Botox or Dysport: Is This Your Question?
Botox cosmetic has been one of the most recognized aesthetic treatments to date. It feels as though this original injectable led the charge in a new era of aging gracefully. Two decades ago, when Botox was first developed, approval was limited to frown lines. In time and through proven safety and efficacy, this particular injectable expanded its reach into the realm of crow’s feet reduction, neckline treatment, and even correction of a downturned mouth. We love to love Botox, that’s obvious. And yet, we also offer Dysport. Here, we want to discuss why the two can coexist, and how you may be able to choose which approach to wrinkle reduction is best for you.
How Neuromodulators Work
Botox and Dysport are both within the neuromodulator category of facial rejuvenation. This means that they affect the muscles that are responsible for various facial expressions. It is the frequent contraction of the muscles located across the upper face that leads first to what we call dynamic wrinkles (those that are only visible during facial expression) and then to permanent lines on the face. Clinical research has demonstrated that small doses of neurotoxin have a positive effect on these muscle contractions. Both Botox and Dysport are derived from a minute, purified form of botulinum toxin A. However, there are slight variances between the two.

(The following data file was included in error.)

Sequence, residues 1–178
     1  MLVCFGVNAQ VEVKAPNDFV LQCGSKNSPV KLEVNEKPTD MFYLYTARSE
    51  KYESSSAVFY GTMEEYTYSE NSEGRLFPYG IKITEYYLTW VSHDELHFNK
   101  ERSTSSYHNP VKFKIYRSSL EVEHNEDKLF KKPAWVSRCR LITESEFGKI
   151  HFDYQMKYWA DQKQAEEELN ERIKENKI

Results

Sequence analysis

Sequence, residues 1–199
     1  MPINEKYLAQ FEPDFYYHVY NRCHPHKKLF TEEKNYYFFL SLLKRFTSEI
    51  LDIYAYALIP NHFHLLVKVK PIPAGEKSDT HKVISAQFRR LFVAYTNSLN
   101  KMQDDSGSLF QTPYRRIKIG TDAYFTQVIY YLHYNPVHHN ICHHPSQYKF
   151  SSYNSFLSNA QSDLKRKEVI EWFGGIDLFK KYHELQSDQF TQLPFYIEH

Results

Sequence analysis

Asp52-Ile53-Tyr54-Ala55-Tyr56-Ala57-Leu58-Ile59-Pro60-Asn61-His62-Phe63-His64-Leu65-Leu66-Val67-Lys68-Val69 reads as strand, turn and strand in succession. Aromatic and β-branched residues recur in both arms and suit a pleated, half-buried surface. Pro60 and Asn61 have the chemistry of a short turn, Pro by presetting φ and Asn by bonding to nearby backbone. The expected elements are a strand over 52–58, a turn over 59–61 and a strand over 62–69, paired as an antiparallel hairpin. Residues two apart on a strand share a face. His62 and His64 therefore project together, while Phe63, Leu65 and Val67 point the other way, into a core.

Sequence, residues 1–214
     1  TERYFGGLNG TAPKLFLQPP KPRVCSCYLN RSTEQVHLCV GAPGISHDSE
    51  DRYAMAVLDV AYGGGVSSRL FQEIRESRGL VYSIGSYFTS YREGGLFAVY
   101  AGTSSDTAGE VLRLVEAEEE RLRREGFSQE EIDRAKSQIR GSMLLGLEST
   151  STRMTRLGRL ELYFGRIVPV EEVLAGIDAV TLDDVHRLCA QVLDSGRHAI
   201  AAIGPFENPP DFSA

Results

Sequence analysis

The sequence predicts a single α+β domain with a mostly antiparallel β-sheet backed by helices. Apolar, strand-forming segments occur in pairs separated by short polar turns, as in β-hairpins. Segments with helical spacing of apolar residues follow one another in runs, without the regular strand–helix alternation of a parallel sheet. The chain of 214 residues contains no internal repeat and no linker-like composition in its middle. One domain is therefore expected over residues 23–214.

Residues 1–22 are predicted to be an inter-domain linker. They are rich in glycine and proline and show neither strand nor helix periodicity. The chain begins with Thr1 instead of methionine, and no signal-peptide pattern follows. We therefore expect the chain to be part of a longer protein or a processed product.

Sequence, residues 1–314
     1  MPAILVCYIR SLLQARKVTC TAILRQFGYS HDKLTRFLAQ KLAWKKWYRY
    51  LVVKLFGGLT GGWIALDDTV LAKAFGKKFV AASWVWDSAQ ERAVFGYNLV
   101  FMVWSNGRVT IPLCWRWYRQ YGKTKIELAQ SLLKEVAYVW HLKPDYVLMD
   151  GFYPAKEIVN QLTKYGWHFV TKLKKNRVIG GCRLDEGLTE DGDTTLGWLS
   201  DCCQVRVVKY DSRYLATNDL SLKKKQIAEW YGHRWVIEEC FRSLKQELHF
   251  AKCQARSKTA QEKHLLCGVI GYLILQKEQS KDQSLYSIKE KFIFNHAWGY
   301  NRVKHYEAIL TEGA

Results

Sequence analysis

How Dysport Differs from Botox
Ultimately, these two wrinkle-reducing treatments share more similarities than differences. Minor differences include:
- Slightly faster onset with Dysport; approximately 5 days versus 7.
- Potentially faster metabolism of the Dysport product, meaning retreatment may be needed sooner.
- Wider expansion from the injection site may occur with Dysport. This could be advantageous depending on the area of concern.
- Dysport treatment involves a greater amount of product, though costs are usually comparable between the two.
Botox and Dysport both have the capabilities to treat common areas of concern, including the forehead and brow, the outside of the eyes (crow’s feet), the mouth, the jawline, and frown lines, to name a few. Furthermore, both drugs can be safely combined with others, such as soft tissue fillers, to make a more dramatic impact on facial aging.
In the end, the choice between Botox and Dysport comes down to preference. During a consultation with Dr. Levin, you can consider the advantages and disadvantages of each choice and move forward in the way that best meets your needs.
Case ID: 3028